His inner sense of spirituality, developed when he was just a boy, was another force that guided him through the recovery. “Sometimes I would lie in bed, pray, and think about the past and where I wanted to go in my future,” Torell said, recalling the early days after his surgery. “I’m definitely more spiritual than religious,” Although he does not follow the organized religion of his parents and grandparents, he finds solace and direction in his own sense of faith and godliness.
Torell set a goal for himself to return to professional play in the 2012/13 NFL season. He made it to training camp and practiced with the team, but coaches and medical staff alike agreed that he wasn’t ready to return to regular play. Sitting out the 2012 season was really hard on Torell, but his steadfast determination to make it back onto the field for the 2013/14 season kept him going.
Frustrating as the experience of injury and rehabilitation has been, Torell knows he is a better person for it. “As my dad told me, you can’t live in the past and you can’t change what has already happened. You have to move forward.”
And as much as he wants a near-term future back in the football arena, Torell is a man who thinks beyond the high-profile world of professional sports to contemplate something much more profound: his personal legacy. “Every day I work to be a stand-up guy. I want the people who attend my funeral to say Torell was accountable, reliable, respectful; he did what he was supposed to and he was a good man.”
And Torell is also taking steps to be sure that regardless of what kind of comeback from injury he is able to make, he’ll have other options beyond just those of a football player. The first member of his family to go to college, he recently returned to earn his final credits toward his bachelor’s degree and is planning soon to complete a certificate program in entrepreneurship. “As a person, you can’t succeed without making mistakes,” he said. “As my father says, you can control your future, not your past. Sometimes life knocks you down; what I’ve learned is how to get back up and move forward.”
With his boundless determination to be the best man he can be, his kindhearted spirit and his positive attitude are just some of his qualities that make Torell anextraordinary Insightful Player® team member.
Instant replay of Torell Troup’s Guiding Principles
- Regardless of whether you follow an organized religion, let spirituality be your guide, and recognize your blessings.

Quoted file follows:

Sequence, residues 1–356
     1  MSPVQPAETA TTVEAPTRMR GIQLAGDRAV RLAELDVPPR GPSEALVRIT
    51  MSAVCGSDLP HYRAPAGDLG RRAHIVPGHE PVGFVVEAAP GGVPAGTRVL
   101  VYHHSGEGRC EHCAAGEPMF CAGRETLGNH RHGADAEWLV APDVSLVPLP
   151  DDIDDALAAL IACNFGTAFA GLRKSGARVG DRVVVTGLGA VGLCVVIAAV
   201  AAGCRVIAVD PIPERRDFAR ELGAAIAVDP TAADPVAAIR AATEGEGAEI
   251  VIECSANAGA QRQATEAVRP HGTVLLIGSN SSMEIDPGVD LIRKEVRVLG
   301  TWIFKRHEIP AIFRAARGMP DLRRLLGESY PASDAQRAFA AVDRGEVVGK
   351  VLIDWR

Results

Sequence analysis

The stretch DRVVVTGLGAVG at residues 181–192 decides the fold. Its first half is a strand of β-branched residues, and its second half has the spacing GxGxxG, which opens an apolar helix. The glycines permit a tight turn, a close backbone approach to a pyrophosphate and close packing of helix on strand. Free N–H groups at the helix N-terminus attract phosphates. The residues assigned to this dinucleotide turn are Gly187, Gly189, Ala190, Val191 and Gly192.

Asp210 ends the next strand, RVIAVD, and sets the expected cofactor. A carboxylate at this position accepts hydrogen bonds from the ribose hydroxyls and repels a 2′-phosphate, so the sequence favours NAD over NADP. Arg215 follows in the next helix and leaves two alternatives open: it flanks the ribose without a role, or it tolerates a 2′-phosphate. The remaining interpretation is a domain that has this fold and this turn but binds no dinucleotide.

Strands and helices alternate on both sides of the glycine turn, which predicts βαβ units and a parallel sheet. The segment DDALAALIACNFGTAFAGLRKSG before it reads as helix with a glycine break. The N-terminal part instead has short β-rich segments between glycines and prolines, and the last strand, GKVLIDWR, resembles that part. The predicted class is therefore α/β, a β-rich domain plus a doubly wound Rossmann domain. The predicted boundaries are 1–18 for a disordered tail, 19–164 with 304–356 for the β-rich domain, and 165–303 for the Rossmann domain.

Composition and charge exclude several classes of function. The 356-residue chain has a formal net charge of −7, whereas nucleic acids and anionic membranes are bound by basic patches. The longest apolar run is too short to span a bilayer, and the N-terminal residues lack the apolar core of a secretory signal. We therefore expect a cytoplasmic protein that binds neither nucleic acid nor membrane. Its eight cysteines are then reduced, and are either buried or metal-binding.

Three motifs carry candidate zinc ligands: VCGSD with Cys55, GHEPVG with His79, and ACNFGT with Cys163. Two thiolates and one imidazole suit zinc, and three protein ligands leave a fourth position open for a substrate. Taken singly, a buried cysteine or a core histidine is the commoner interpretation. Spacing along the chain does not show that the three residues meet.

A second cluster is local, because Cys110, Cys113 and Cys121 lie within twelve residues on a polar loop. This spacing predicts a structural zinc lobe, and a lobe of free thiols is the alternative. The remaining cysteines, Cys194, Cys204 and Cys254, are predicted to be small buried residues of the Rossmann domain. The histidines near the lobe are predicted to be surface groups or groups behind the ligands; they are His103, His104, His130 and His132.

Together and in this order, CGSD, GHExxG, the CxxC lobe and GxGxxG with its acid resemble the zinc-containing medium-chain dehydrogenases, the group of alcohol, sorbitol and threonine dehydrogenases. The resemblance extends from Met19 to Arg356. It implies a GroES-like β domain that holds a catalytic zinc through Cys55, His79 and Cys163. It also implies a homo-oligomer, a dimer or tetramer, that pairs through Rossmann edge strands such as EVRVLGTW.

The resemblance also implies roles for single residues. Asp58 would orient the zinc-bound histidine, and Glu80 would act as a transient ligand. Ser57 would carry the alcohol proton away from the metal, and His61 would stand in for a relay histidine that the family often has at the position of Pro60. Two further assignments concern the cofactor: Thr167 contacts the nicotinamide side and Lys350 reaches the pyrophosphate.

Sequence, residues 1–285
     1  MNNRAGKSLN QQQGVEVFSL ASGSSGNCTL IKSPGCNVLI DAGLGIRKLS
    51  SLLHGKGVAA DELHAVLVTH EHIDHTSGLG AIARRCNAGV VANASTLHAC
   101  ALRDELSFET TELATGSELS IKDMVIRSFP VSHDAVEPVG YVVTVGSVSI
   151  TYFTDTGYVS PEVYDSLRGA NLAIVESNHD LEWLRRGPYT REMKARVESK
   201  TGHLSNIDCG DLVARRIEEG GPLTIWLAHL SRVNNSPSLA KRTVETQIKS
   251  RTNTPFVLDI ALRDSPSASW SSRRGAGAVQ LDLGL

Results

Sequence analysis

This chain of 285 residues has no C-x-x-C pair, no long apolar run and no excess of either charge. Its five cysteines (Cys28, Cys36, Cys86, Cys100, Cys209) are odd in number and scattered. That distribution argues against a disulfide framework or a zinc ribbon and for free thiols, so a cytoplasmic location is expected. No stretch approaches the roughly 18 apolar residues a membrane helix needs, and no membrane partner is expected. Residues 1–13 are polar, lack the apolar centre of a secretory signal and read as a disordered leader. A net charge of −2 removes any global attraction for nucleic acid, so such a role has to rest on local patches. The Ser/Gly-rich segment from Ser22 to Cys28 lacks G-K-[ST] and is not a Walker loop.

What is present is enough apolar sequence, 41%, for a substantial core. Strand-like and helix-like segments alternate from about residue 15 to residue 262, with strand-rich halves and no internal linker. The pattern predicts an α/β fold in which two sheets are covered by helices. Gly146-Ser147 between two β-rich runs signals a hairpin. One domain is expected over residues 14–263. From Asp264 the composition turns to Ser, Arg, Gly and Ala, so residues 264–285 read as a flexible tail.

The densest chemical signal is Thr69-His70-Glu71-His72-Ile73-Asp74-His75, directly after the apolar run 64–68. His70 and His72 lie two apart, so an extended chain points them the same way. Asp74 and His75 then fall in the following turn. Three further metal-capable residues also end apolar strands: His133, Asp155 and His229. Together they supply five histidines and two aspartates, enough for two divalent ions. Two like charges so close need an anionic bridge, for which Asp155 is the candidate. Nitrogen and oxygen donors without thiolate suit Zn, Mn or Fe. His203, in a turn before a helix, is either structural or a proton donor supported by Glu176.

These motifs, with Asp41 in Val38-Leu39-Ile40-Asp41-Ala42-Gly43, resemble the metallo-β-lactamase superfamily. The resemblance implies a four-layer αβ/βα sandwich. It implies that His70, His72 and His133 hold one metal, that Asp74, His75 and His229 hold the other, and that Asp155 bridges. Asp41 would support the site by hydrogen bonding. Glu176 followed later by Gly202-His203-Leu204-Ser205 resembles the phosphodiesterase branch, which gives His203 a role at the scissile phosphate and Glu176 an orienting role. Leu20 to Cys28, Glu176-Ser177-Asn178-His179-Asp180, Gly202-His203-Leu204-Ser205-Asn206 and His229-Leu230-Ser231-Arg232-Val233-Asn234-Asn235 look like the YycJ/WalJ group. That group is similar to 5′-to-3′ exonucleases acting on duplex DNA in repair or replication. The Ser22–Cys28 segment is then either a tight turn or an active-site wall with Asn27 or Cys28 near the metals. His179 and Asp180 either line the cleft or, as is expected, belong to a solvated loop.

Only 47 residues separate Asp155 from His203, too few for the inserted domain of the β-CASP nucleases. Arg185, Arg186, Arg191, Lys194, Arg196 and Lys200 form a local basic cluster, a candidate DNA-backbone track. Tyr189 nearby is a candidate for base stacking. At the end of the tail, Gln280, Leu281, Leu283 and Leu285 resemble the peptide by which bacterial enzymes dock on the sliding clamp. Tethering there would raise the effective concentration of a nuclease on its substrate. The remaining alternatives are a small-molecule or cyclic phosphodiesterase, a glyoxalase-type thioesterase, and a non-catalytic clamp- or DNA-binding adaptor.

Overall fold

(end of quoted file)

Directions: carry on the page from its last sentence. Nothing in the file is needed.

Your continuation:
- Be open to what other people can offer you as leaders, guides, mentors or advisors.
- Doing things the right way from the beginning means you won’t have to redo them, whether in regards to daily tasks, schoolwork, or the way you treat other people.
- Be honest and fair. Look for ways to do the right thing in any situation.
- Show through your actions and your attitude that you are trustworthy, and prove that people can rely upon you.
- Show respect for other people and they will be eager to guide and help you.
- Recognize that mistakes are inevitable and happen to everyone. What matters most isn’t the mistakes you’ve made but the lessons you’ve learned from them.
- Refuse to dwell in the past. You have no control over what has already happened. Put all your efforts and energy into shaping your future.
- Maintain a sense of optimism. You have the power to improve any situation, no matter how much seems to be working against you, as long as you believe that change for the better is possible.
The Insightful Player® series is brought to you by Coach Chrissy Carew, Hall of Fame Master Certified Personal and Business Coach and Author of her newly released book, INSIGHTFUL PLAYER: Football Pros Lead A Bold Movement of Hope.
Chrissy has been deeply inspired by her father, the late Coach Walter Carew, Sr. Her father is in several Halls of Fame as a high school football coach and baseball coach (as well as high school and college athlete). He used sports to help kids build strong character and teach them valuable life skills.
More stories you might like